Banking behemoths JPMorgan Chase & Co. (JPM - Analyst Report) and Credit Suisse Group (CS - Snapshot Report) have agreed to resolve the allegations leveled by the Securities and Exchange Commission (SEC) by paying a total compensation of nearly $416.9 million. The allegations are related to the sale of faulty residential mortgage-backed securities (RMBS) by these banks prior to 2008 financial crisis.
Mortgage products, including RMBS, are considered by many as the staring point of the last financial crisis. It was claimed that many banks sold these risky mortgages using misleading statements. Eventually with the collapse of the housing sector, these mortgages resulted in huge losses for the investors. Consequently, regulatory authorities sprang into action, charged the banks of wrongdoing and slapped million of dollars in penalty.
Charges & Settlements
As per SEC, JPMorgan displayed a very deceptive picture of the underlying loans that supported nearly $ 1.8 billion worth of RMBS. JPMorgan represented that just four loans were delinquent by 30 to 59 days, whereas there were more than 620, or about 7% of the total. As a result, during the collapse, investors suffered losses to the tune of $37 million.
Moreover, Bear Sterns (acquired by JPMorgan in 2008) was indicted at failing to divulge its practice of collecting cash settlements from mortgage originators for loans that went bad without passing on the proceeds to the investors to whom it had sold the related securities. The earnings from this bulk-settlement practice were at least $137.8 million.
Similarly, SEC charged Credit Suisse and its affiliations for misleading investors about its practice of negotiated bulk settlements with loan originators in exchange of buyback loans owned by the RMBS trusts. Moreover, the bank kept these proceeds with it and did not disclose this practice to the investors who provided the loans. The proceeds earned from such misrepresentations amounted to nearly $55 million.
The SEC also charged Credit Suisse for misrepresenting First Payment Default (FPD) provision in two of its RMBS offerings. The FPD provision required the mortgage loan originator to repurchase/substitute loans that missed payments shortly before or after these were securitized.
Credit Suisse deceived investors by incorrectly claiming that First Payment Default Risk was removed from its RMBS, and at the same time, it put a cap on the number of FPD loans that were passed back to the originator. All these resulted in to huge losses for the investors when the housing bubble burst.
Both JPMorgan and Credit Suisse have agreed to settle the claims by shelling out $296.9 million and $120 million, respectively. Out of these, $84 million and $39 million, respectively, represent the amount that SEC will pay to the investors to make up for their losses. The JPMorgan settlement is subject to an approval by a federal judge in Washington, D.C., whereas Credit Suisse's case was settled in an SEC administrative proceeding.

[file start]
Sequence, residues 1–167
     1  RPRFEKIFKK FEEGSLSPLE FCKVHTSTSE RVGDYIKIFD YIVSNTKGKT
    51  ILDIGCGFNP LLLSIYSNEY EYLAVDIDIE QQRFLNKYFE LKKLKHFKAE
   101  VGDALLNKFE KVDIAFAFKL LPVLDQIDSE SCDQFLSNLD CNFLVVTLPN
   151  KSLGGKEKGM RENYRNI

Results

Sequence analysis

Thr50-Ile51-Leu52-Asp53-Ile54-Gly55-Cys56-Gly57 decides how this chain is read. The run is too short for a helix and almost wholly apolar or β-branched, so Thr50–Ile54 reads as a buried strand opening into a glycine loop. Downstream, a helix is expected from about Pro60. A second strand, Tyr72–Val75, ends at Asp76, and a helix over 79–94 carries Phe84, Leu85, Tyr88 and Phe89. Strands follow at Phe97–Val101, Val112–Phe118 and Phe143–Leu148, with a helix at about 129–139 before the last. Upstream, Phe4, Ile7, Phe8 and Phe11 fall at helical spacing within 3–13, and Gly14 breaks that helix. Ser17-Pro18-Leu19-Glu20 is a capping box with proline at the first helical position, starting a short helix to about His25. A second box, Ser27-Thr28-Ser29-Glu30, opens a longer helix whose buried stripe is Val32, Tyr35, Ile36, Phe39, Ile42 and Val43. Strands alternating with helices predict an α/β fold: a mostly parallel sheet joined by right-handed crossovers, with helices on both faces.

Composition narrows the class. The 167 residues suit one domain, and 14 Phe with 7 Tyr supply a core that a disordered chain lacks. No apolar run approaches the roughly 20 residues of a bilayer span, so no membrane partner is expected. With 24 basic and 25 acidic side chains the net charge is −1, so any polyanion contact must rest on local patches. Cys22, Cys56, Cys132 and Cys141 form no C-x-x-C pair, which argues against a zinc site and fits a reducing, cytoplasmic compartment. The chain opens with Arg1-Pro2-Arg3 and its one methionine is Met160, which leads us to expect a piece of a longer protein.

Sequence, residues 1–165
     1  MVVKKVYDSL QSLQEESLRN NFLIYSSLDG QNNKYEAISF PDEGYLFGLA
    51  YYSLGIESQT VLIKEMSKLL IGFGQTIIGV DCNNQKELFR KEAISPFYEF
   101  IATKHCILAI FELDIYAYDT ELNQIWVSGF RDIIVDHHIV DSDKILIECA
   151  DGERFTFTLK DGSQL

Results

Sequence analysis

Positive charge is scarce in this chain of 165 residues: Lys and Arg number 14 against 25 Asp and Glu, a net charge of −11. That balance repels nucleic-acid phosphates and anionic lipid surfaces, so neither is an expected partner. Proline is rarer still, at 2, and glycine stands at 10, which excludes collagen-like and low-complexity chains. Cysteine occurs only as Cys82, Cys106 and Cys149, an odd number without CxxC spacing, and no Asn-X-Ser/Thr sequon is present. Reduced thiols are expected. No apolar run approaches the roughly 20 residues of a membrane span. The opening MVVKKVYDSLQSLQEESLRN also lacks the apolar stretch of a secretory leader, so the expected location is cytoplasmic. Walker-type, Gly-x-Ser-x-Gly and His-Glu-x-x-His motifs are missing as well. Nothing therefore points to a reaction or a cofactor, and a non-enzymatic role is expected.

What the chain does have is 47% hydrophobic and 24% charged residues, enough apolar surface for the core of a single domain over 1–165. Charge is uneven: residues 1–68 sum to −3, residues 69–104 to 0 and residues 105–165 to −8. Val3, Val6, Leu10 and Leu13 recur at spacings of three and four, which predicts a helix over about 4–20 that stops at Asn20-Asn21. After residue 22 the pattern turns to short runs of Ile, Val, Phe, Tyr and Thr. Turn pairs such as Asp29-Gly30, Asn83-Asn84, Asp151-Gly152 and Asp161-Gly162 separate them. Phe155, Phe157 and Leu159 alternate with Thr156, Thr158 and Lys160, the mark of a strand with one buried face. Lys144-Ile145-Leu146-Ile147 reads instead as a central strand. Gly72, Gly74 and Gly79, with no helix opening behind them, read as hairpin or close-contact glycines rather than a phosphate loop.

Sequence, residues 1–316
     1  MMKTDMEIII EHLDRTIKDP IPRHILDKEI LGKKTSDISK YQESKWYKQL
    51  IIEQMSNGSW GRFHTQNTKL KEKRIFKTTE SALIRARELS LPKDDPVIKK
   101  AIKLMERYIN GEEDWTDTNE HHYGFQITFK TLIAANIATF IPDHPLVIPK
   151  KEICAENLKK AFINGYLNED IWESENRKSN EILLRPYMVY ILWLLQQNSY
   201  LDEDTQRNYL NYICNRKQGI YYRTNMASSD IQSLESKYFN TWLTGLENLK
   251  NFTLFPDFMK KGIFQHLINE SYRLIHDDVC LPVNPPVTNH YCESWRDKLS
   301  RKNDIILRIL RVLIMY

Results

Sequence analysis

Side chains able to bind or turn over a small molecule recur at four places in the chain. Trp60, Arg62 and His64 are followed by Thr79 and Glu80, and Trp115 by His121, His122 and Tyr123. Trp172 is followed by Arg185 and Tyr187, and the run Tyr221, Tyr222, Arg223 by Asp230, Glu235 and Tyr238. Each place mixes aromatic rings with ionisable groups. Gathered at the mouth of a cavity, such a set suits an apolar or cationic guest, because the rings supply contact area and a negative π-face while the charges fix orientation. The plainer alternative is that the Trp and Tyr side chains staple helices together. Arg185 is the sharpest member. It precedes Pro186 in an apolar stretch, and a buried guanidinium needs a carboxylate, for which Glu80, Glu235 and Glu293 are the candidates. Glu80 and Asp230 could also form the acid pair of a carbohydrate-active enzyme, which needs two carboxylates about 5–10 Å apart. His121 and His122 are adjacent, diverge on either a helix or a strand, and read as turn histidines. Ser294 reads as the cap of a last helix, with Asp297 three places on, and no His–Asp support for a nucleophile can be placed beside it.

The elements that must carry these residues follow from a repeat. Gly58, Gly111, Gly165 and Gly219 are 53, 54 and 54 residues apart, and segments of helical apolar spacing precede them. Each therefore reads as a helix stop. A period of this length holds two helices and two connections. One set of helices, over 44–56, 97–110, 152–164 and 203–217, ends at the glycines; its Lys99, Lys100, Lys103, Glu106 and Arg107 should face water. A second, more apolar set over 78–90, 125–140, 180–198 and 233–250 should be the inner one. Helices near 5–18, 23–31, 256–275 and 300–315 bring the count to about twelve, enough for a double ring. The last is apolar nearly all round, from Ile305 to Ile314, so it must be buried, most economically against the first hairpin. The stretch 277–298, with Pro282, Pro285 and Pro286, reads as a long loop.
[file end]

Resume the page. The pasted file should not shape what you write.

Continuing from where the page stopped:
All these actions by regulatory authority reflect the government’s strong stance to probe the malpractices adopted by banks in connection with RMBS that contributed greatly to the financial crisis.
Various Other Settlements
Earlier in June 2011, JPMorgan agreed to pay $153.6 million to settle a separate SEC case over its sale of mortgage securities to investors. Moreover, The Goldman Sachs Group, Inc. (GS - Analyst Report) paid $550 million to SEC to settle similar charges in 2010. Similarly, last year, Wells Fargo & Company (WFC - Analyst Report) agreed to pay SEC $11 million to resolve claims that charged it for selling old risky collateralized debt obligations at unreasonable prices.
In addition to SEC, JPMorgan is under review of Federal Housing Finance Agency, which has sued nearly seventeen of the Wall Street biggies, including Bank of America Corporation (BAC - Analyst Report), JPMorgan, Citigroup, Inc. (C - Analyst Report) and Goldman Sachs. The lawsuit pertains to the sale of billions of dollars worth of risky mortgage-backed securities (MBS) to government-sponsored entities (GSEs) – Freddie Mac (FMCC) and Fannie Mae (FNMA) – via misleading statements.
Further, New York Attorney General Eric Schneiderman has prosecuted JPMorgan in October this year, claiming that Bear Stearns deceived mortgage-bond investors about defective underlying loans that supported the securities.
The legal troubles like this will likely result in mounted expenses and affect the top line of many of the financial institutions. However, the measures undertaken by the regulatory and legal authorities to come down hard on such unwarranted activities of these institutions will let the investors breathe a sigh of relief.
JPMorgan currently retains a Zacks #2 Rank, which translates into a short-term Buy rating whereas Credit Suisse currently retains a Zacks #1 Rank, which translates into short-term Strong Buy rating. We believe that the legal hassles faced by these banks have the potential to generate downward estimate revisions leading to deterioration in the Zacks Rank.